The commodity resin markets continued their streak of hyperactivity; the flow of fresh railcars has been rapid and falling prices are encouraging processors to procure material, according to The Plastics Exchange in its look at the week of Dec. 8-12. PE contracts decreased $.03/lb in November and should see a decline of $.04-.05/lb this month; barring an unforeseen event, they will likely find further pressure in the first quarter. PP contracts dropped $.05/lb in November and commensurate with the dime decrease in PGP, will be as much as $.10/lb lower in December, tempered by any margin expansion that producers can garner. While Houston prices continue to slide, international levels are falling even faster to complicate export sales.
The major energy markets continued to collapse in historic fashion. Crude Oil essentially began the week at its high and ended on the low, wiping away another $8/bbl, a whopping 12.5%. The January futures contract settled Friday at $57.81/bbl, the lowest level in five years. January Brent Oil futures saw similar losses, erasing more than $7/bbl to end the week at $61.85/bbl. Natural Gas futures skidded as much as $.21/mmBtu, but rallied back as the week progressed, trimming the loss to less than a cent when the Jan contract closed Friday at $3.795/mmBtu. The Crude Oil : Natural Gas ratio contracted to just 15.3:1, the tightest in almost 5 years; along the way the spread had briefly widened to more than 50:1. After continually making multi-year lows, NGL prices stabilized somewhat this past week. Spot ethane was about steady at $.17/gal ($.071/lb). Spot propane yielded another couple cents $.55/gal ($.156/lb).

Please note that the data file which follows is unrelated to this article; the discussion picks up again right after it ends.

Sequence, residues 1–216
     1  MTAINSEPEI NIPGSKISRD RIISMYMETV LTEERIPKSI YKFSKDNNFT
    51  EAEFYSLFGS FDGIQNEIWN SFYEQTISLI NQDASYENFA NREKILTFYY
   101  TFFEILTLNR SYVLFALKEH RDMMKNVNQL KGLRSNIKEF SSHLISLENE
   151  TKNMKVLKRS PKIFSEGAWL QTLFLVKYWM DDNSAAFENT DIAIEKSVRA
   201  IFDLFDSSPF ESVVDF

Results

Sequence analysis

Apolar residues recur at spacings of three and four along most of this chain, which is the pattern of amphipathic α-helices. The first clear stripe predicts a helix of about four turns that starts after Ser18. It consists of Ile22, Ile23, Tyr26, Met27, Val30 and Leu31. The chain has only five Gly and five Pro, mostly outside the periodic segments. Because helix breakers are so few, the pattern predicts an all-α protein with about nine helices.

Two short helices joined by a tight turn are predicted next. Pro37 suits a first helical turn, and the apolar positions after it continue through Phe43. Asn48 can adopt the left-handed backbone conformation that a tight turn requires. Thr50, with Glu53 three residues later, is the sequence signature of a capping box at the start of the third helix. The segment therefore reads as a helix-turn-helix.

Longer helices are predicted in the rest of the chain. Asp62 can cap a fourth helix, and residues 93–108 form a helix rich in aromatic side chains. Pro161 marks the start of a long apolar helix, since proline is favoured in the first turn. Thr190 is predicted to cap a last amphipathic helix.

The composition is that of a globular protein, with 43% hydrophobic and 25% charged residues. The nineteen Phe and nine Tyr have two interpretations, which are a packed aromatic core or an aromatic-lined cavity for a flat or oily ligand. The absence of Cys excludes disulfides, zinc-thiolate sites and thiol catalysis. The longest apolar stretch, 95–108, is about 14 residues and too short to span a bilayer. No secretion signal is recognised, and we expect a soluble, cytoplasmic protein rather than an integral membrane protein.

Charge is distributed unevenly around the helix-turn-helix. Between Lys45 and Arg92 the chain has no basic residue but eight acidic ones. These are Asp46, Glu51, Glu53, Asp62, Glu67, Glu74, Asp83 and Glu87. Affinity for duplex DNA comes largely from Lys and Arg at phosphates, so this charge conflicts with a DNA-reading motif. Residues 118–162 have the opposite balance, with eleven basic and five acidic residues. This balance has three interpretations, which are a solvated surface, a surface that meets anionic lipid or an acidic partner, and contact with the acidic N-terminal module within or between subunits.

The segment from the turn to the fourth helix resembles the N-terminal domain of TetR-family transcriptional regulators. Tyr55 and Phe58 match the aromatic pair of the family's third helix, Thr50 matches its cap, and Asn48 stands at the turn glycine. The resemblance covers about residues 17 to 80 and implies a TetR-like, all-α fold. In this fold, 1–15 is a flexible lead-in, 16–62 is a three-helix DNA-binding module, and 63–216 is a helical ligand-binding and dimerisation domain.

Spot ethylene prices continued to unravel; gulf crackers are almost all back online with some operating at increased capacity adding pressure to an already oversupplied situation. Ethylene trading was active, material for prompt delivery stepped lower in a series of transactions that brought prices down from $.45/lb to $.42/lb by midweek. However, not all sell orders were completed and the market was offered lower, indicating that next week's trades could be at $.40/lb or below. The ethylene forward curve flattened further; prices for the next 12 months are all within a penny or so, averaging around $.40/lb.
The polyethylene market remained very busy; there were several surges in spot offers that kept availability liquid even as processors were scooping up discounted material. Although prices are falling, and a level of buyer's remorse could develop when cheaper resin becomes offered, processors still need material to run and the lead time for delivery requires ongoing purchases. The strong current demand we are seeing is a result of the sharp slowdown in procurement last month as processors foresaw cheaper prices ahead. According to preliminary reports, domestic polyethylene sales in November were under 2.4 billion lb; almost 300 million lb less than October and 220 million lb below the trailing 12 month average. PE exports were equally dismal, barely 500 million lb, which has only happened a handful of times in the past 8 years. Producers responded to the weakness by throttling back reactor rates to 88.5%, but production was still too high resulting in the fourth consecutive month of inventory build. December started with more than 3.62 billion lb of polyethylene, a figure eclipsed just once, and barely, in eight years.